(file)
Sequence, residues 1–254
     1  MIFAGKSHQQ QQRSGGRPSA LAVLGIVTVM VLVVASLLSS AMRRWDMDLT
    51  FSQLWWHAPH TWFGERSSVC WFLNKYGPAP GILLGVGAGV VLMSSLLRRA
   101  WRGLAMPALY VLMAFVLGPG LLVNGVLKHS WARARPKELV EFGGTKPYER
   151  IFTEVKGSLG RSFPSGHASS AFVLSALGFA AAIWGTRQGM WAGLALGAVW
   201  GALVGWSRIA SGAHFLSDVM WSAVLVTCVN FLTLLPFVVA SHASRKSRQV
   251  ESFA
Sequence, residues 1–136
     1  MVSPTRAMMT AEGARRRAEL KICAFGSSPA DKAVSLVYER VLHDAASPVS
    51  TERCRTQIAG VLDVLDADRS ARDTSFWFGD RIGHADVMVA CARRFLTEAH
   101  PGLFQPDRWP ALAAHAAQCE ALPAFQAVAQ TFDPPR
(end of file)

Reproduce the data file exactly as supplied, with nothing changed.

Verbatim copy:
Sequence, residues 1–254
     1  MIFAGKSHQQ QQRSGGRPSA LAVLGIVTVM VLVVASLLSS AMRRWDMDLT
    51  FSQLWWHAPH TWFGERSSVC WFLNKYGPAP GILLGVGAGV VLMSSLLRRA
   101  WRGLAMPALY VLMAFVLGPG LLVNGVLKHS WARARPKELV EFGGTKPYER
   151  IFTEVKGSLG RSFPSGHASS AFVLSALGFA AAIWGTRQGM WAGLALGAVW
   201  GALVGWSRIA SGAHFLSDVM WSAVLVTCVN FLTLLPFVVA SHASRKSRQV
   251  ESFA
Sequence, residues 1–136
     1  MVSPTRAMMT AEGARRRAEL KICAFGSSPA DKAVSLVYER VLHDAASPVS
    51  TERCRTQIAG VLDVLDADRS ARDTSFWFGD RIGHADVMVA CARRFLTEAH
   101  PGLFQPDRWP ALAAHAAQCE ALPAFQAVAQ TFDPPR